While some members of the Uyghur diaspora appear to have found vindication and relief in the release of Bachelet’s report, others say it came too late and amounts to too little. The United States, Canada, the Netherlands, the United Kingdom, France and Lithuania have previously branded the Uyghur human rights crisis a ‘genocide’, though Australia has stopped short of using that label, judging it a matter for a court to determine. A comprehensive 2021 report by Human Rights Watch also demonstrated that ‘crimes against humanity’ were being committed in Xinjiang.

Australia has condemned the Chinese government’s treatment of Uyghurs as ‘severe human rights abuses’ or crimes against humanity.

Late last year, the Uyghur Tribunal, an independent and non-binding panel of lawyers and academics in the UK, concluded that human rights abuses in Xinjiang amounted to genocide.

It is worth noting that Chinese government documents (discovered and authenticated by ASPI and German researcher Adrian Zenz separately) refer to state-sanctioned abuses in Xinjiang as being based on a five-year plan that began in 2017 and was consolidated by 2022. Given that the Chinese party-state has shown a tendency to alter behaviour following international condemnation—for instance, some detainees were released shortly after international media attention—earlier intervention from a UN body or governments could arguably have made a greater impact.

Nonetheless, civil groups and members of the Uyghur diaspora appear hopeful that Bachelet’s report will galvanise international organisations, individual states and the private sector.

One likely immediate impact the report could have is in its recommendation that nations not deport Uyghurs to China given the conditions of torture the report verifies.

Rights groups and legal scholars have renewed calls for major international bodies to follow up on Bachelet’s report. Human Rights Watch has suggested formally presenting Bachelet’s report to the UN Human Rights Council as a matter of priority.

The UN’s International Labour Organization might continue pushing for an advisory mission (which was dismissed by the Chinese government earlier this year). One of Bachelet’s specific recommendations is that China cooperate with the ILO and allow in a technical advisory mission.

Lawyers who accuse Beijing of crimes and genocide have continued to call for the International Criminal Court to investigate Xinjiang atrocities, most recently in June 2022, despite China not being a member of the court.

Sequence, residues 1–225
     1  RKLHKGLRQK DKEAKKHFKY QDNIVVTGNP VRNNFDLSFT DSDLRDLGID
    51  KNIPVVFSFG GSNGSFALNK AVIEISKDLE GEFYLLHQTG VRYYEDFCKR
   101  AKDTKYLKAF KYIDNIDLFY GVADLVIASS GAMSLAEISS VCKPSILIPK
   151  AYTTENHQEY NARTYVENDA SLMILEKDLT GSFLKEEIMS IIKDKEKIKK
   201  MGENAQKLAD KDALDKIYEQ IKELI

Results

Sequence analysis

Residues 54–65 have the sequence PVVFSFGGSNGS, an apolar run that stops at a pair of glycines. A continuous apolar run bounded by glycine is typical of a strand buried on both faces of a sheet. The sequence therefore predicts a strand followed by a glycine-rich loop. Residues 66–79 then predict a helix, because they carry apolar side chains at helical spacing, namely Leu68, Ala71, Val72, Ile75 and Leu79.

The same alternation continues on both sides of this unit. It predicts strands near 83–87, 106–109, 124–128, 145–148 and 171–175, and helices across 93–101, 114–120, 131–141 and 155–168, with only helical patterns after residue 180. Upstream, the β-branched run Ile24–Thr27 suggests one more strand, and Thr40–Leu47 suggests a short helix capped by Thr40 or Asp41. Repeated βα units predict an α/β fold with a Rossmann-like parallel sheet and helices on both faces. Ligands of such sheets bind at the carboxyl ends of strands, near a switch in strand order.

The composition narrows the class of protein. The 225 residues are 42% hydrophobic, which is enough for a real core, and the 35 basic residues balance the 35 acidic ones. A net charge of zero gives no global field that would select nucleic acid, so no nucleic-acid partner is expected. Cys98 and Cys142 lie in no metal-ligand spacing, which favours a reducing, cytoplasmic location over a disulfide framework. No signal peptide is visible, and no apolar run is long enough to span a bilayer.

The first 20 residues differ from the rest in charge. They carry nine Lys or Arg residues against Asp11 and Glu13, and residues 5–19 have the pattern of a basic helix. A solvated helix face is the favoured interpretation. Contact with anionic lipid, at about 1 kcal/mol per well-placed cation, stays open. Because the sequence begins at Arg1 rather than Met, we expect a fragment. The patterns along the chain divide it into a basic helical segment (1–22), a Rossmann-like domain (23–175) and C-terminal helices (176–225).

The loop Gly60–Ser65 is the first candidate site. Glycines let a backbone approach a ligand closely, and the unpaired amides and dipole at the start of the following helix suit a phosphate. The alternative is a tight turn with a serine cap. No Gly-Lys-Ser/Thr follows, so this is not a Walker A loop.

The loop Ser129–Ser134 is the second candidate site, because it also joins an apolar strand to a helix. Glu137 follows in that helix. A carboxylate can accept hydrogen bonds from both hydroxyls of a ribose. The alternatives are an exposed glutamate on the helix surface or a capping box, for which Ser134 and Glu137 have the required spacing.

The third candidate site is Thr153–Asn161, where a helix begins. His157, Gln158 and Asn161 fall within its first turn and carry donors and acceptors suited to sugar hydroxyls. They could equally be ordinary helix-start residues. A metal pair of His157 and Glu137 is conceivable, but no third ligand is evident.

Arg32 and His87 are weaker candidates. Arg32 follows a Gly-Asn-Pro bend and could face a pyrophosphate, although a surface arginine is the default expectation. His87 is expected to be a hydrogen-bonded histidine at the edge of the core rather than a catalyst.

Bachelet’s report should serve as a stern reminder for businesses to improve the transparency and accountability of their own supply chains, and for governments to strengthen their regulatory environments to prevent copouts and workarounds. The report calls on businesses to enhance their due diligence on human rights and to report on their progress transparently. As of the end of 2021, more than a third of Australia’s largest listed companies failed at modern slavery disclosures, showing poor understanding of their own supply chains.

Earlier this year, the Uyghur Forced Labour Prevention Act (legislation citing ASPI’s Uyghurs for sale report) took effect in the US, prohibiting the import of goods made with forced labour. This law is set to cause profound changes across the garment, manufacturing, energy and agriculture sectors at a time when supply chains are already experiencing frequent disruption.

While Australia doesn’t yet have comparable legislation, it will likely have to adopt a harder line against forced labour amid urging from the US and a global trend towards stricter measures against modern slavery.

Bachelet’s key recommendations for the Chinese government—that the party-state change its laws and practices to ensure abuses are not repeated, sign up to relevant international conventions and cooperate as necessary with international bodies—are unlikely to be met without continued international pressure and scrutiny.

It is up to the international community to keep the pressure on.